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Martin mc adam presentation

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  • Irish demand in 2010 looks to be about 30TWh (reference the GAR http://www.eirgrid.com/media/Update%20to%20Generation%20Adequacy%20Report%202009-2015.pdf ) Projected forward to 2020 it looks like it will be between 35TWh and 42TWh (not accounting for a significant uptake of electric vehicles). This would mean an installed capacity of between 4.9GW and 5.9GW of renewable (operating with a capacity factor of 33%) to meet the 40% target of 2020 Therefore if marine provides 500MW this would be less than 10% of the renewable portfolio.   It is widely understood wave could provide for 75% of current demand, i.e. 7.8GW installed. About 3GW of this is near shore.
  • Energy import stat (ref: Eurostat, the Statistical Office of the European Communities, 2008 - http://www.eds-destatis.de/en/press/download/08_07/098-2008-07-10.pdf)

Martin mc adam presentation Martin mc adam presentation Presentation Transcript

  • MAKING MARINE RENEWABLE ENERGY MAINSTREAM MARTIN McADAM, CEO, AQUAMARINE POWER
  • IN BRIEF WHY MARINE ENERGY?
    • Vas t global resource - wave power alone could produce up to 80,000TWh/year (five times global electricity consumption)
    • Wave - less intermittent, out of phase and much more predictable than wind
    • Tidal – completely predictable
    • As the renewable energy mix diversifies, issues of intermittency and stability are reduced
  • WHERE ARE THE OPPORTUNITIES FOR TIDAL ENERGY IN IRELAND?
  • WHERE ARE THE OPPORTUNITIES FOR WAVE ENERGY IN IRELAND?
  • WHERE ARE THE OPPORTUNITIES FOR WAVE ENERGY IN IRELAND? ATLANTIC SEA IRISH SEA
  • KEY REQUIREMENTS OF WAVE ENERGY TECHNOLOGY
    • Wave energy technology must be...
    • Easy to build
    • Easy to install
    • Easy to operate
    • Easy to maintain
    • Easy to diagnose
    • Built to survive
    • Able to produce power in all weather conditions
  • WAVE ENERGY TECHNOLOGIES OVERTOPPING – Low energy machine OSCILLATING WATER COLUMN – Huge structure SNAKE / ATTENUATOR – Huge structure; complexity HEAVING BUOY / POINT ABSORBER – Energy extraction
  • DESIGNED SIMPLICITY – OSCILLATING WAVE SURGE CONVERTER
  • KEY ADVANTAGES OF OYSTER!
    • Oyster is...
    • Easy to build
    • Easy to install
    • Easy to operate
    • Easy to maintain
    • Easy to diagnose
    • Built to survive
    • Able to produce power in all weather conditions
  •  
  • EMEC: OYSTER 1 Oyster 1 WEC Onshore hydraulic power conversion EMEC grid substation 500m pipelines
    • Accessible – generation equipment is onshore – accessible 24/7
    • Reliable – conventional hydro-electric power station – proven, reliable
    • Survivability – no “survival mode”, naturally ducks under extreme waves and keeps generating
    • High capture factor – uniform wave direction, amplified surge forces
    • Economies of scale – one generator, multiple flaps & low cost fabrication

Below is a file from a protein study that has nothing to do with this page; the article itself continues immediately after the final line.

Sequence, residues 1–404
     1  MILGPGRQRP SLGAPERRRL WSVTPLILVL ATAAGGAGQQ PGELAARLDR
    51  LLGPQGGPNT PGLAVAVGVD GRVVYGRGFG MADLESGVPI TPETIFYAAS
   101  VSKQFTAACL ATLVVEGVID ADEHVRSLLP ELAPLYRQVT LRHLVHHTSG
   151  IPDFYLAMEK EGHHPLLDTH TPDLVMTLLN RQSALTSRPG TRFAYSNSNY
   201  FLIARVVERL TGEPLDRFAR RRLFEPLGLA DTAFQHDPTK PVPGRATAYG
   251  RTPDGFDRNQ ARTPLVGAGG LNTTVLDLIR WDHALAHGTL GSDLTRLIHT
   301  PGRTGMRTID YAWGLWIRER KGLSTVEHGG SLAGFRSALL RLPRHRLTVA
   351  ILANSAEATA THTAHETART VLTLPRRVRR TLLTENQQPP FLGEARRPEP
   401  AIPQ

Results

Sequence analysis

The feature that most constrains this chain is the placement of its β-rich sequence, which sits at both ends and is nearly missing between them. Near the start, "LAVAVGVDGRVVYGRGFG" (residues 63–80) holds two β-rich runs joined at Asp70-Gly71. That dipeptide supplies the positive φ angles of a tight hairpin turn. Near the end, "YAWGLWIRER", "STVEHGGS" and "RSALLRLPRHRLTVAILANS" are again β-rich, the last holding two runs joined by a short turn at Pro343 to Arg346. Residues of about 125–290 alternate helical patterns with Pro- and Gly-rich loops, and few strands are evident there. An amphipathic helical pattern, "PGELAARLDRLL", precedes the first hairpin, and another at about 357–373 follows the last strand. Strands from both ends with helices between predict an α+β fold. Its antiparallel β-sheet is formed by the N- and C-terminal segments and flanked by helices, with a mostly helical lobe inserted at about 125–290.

• Low weight to power ratio - compared to alternatives, including offshore wind
    OYSTER KEY BENEFITS
  •  
  • MARINE ENERGY IN IRELAND
    • Ireland has a huge wave resource:
    • Potential to meet 75% of Ireland’s current energy demand (7.8GW installed)
    • Target of 75MW by 2012 and 500MW by 2020 = around 10% of Ireland’s renewable portfolio
    WAVE ENERGY – THE OPPORTUNITY FOR IRELAND LOCATION OF GLOBAL OYSTER RESOURCE (%)
  • THE SCALE OF THE OPPORTUNITY
  • MARINE ENERGY THE BENEFITS FOR IRELAND
    • Clean energy – significant carbon savings
    • Security of supply (91% of Ireland’s energy supply was imported in 2006)
    • Creation of a new industry and highly skilled employment in Ireland
    • Whilst the €220 per MWh costs the consumer, it is likely to reduce the market price sufficiently to more than offset this cost, as seen with wind
    • Potential to create export market for Ireland – power, technology, skills, IP
  • NOT JUST ABOUT THE COST… ITS ABOUT THE BENEFIT
  • GERMANY REAPING THE BENEFITS
    • Creating saving of €6.1bn
    • Increase in domestic turnover from installation/operation of renewables systems – increase from €18.1bn in 2005 to around €22.9bn in 2006
    • Increase in employment in renewable sector – rose from 160,000 in 2004 to over 230,000 in 2006
    • Creation of export market – over 70% of wind production technology exported
    • Reduced carbon emissions - CO 2 emissions reduced by 100m tonnes in 2006
  • MARINE ENERGY POSITIVE STEPS IN IRELAND
    • Significant government support for marine energy in Ireland:
      • Commitment to REFIT (€220 per MWh feed in tariff)
      • Development of Belmullet test centre
      • Establishment of Ocean Energy Development Unit (OEDU)
      • Establishment of SEI Prototype Development Fund
      • Smart Bay Project (Galway)
  • WHAT’S NEXT? THE WAY FORWARD
    • Wave power must have at least 500MW of grid capacity allocated to it outside of the gate process
    • Urgent streamlining of licensing and leasing the seabed - clear, consistent and proactive policies and processes
    • Developer support for MRIA (Marine Renewable Industry Association) and OEDU (Ocean Energy Development Unit)
    • Continued commitment to REFIT scheme
  •  
  • MARTIN MCADAM CHIEF EXECUTIVE OFFICER AQUAMARINE POWER 10 ST ANDREW SQUARE EDINBURGH EH2 2AF UNITED KINGDOM Tel: +44 131 718 6611 Fax: +44 131 718 6100 Mobile: +44 7590 350100 Email: [email_address] Web: www.aquamarinepower.com